For his first crack at coaching in the National Football League, 49ers linebackers coach Jim Leavitt picked a great launching point. Working day in and day out with the All-Pro tandem of Patrick Willis and NaVorro Bowman has been a blessing for the coach, who spent more than 30 years at the college level before joining the 49ers in 2011.
Leavitt has specialized in working with the inside linebacker tandem, while coaching in concert with coordinator Vic Fangio on one of the NFL’s toughest defenses. When discussing the relationships he’s formed with Bowman and Willis, Leavitt can’t help but smile.
“Pat and NaVorro are just special, they really are,” Leavitt said. “The Lord’s blessed them with a lot of talent and they’re very gifted, but the thing that I love about them is that they ask so many questions. They want to be great. Every day in practice they work so hard, they’re so focused and they have genuine love for each other.”
Both Bowman and Willis have peppered Leavitt with questions since he took his post before last season, but the humble coach also said he’s been learning a lot from his players.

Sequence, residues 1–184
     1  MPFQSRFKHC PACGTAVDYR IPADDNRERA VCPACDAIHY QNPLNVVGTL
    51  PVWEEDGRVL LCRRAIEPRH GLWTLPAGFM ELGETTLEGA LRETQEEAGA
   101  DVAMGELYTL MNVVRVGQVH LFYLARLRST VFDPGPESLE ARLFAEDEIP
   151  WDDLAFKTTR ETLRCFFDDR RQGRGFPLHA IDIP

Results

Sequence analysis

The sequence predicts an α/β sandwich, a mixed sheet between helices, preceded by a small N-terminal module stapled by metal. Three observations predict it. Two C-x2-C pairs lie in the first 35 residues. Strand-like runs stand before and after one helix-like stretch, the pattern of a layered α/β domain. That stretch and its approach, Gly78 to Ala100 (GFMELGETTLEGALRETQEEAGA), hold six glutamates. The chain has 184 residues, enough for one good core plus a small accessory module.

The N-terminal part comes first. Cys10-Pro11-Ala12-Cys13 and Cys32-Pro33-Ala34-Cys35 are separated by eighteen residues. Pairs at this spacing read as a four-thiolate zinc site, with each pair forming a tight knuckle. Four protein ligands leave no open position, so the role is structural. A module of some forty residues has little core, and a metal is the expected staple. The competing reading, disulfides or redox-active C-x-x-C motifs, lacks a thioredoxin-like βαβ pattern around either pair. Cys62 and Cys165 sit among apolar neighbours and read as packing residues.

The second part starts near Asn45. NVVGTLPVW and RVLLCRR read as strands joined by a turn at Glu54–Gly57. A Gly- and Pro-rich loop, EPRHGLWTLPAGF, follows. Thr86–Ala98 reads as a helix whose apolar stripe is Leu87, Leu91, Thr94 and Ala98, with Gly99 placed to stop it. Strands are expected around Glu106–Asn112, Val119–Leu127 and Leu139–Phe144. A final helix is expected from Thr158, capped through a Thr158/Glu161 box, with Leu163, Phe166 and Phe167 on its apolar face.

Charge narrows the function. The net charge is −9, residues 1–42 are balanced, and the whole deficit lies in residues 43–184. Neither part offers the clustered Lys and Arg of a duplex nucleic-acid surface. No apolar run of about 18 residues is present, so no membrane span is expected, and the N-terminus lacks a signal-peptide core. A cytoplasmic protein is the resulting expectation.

“I love it,” Leavitt said. “It keeps me on my toes. The bottom line is being prepared when we play, so I love all the questions. But they ask them all.”
While Willis has established himself as one of the game’s elite players over the last few years, Bowman made a name for himself in 2011. But that’s not to say Leavitt wasn’t familiar with him until last year.
Leavitt’s University of South Florida team faced off against Bowman at Penn State in recent years, giving the coach his first glimpse of the talented linebacker. So once he saw Bowman’s film from his rookie year and saw him make a few plays in the preseason, Leavitt knew he had a special player.
“I knew the guy was really talented and really gifted,” Leavitt said. “He’s really been an impressive player. But he’s like Pat – he asks a million questions and he wants to be precise in everything he does. He’s got great knowledge of the defense and all those things are there for him.”
During his time on the college circuit, Leavitt also competed against Jack Harbaugh, father of 49ers coach Jim. In fact, the two coaches did battle on four occasions, splitting the series at two games apiece.
Once he met Jim Harbaugh and saw traces of Jack’s enthusiasm, Leavitt said he felt the need to join the San Francisco coaching staff.
“This staff is unbelievable,” Leavitt said. “I’ve never been around a staff that is so knowledgeable yet you don’t see the egos. These guys all have a great passion for the game, everyone’s really helpful and I’m really impressed with that part of it.”
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